I’m spending this weekend at the Al Jazeera Forum in Doha, where I was asked to participate in a seminar on the role of the blogosphere in bringing social and political change. The question posed to us — Hisham Almiraat, Mohamed Najem, Georgia Popplewell, Ramsey Tesdell, Nasser Weddady, and myself — revolved around the article Malcom Gladwell published in the New Yorker last month claiming that online connections are purely weak ties and that social media are therefore incapable of creating or sustaining a social movement.
I side with those — David Weinberger, Zeynep Tunecki, and others — who have responded to Gladwell by saying that attempting to cleanly separate online and offline media (or connections, or actions) is a futile pursuit. Social media are an integral part of a new media ecosystem, one in which bloggers are amplified and inspired by more traditional forms of media and in which mainstream media outlets increasingly partner with citizen journalists to provide the most complete coverage they can.
Throughout the forum, panelists have repeatedly raised this theme, arguing that framing media as old versus new or mainstream versus citizen is not a productive approach to understanding the impact of online networks. Speakers who work with major news outlets have thanked bloggers for sharing their first-hand accounts of what’s happening on the ground, while bloggers have thanked major news outlets for broadcasting their reports. In a break-out discussion on Saturday, citizen journalists from Tunisia and Egypt said that Al Jazeera’s amplification of their voices helped bring the situations in these countries to a tipping point.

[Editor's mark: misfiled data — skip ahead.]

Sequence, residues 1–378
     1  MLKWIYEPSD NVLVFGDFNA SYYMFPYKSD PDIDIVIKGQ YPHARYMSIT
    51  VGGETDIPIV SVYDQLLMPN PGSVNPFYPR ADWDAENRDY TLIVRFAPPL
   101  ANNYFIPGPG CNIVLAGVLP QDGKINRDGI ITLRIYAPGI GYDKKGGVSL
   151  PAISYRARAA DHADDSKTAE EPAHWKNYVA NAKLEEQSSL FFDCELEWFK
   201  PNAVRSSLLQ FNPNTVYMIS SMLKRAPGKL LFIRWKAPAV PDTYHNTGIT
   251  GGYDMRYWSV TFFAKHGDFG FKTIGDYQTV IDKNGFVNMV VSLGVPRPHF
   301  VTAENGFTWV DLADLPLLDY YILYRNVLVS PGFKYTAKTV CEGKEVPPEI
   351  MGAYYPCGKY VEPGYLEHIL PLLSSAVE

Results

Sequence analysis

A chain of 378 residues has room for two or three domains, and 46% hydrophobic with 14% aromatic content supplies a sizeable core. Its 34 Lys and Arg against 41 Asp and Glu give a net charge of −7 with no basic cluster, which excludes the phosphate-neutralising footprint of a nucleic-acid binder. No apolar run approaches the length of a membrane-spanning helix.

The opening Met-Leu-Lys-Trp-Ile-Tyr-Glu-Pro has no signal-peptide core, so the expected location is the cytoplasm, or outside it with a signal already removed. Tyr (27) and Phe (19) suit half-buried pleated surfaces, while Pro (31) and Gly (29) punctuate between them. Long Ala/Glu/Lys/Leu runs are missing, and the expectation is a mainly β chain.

This idea of a media ecology is one I’ve been mulling over as I’ve been working with the Technology for Transparency Network over the past year. We’ve interviewed more than 60 organizations who use digital tools to promote transparency and accountability in their governments, and one of our key conclusions has been that organizations who build partnerships with traditional media organizations — whether these are local radio stations or major national newspapers — tend to have more success than organizations that rely solely on the Internet to get their message across. For me, it’s been interesting to hear that this is the case not only when talking about city budget transparency, but also when talking about revolutions.
I don’t think this in any way diminishes the importance of social media in the movement for government accountability. In many cases, both local radio stations and national papers (and, as I’ve heard this weekend, Al Jazeera) would be unable to report on the stories they cover without the help of bloggers and tweeters. I’m glad to see that those who are here at the forum — both traditional and citizen journalists — are willing to exlore these partnerships and acknowledge their importance.
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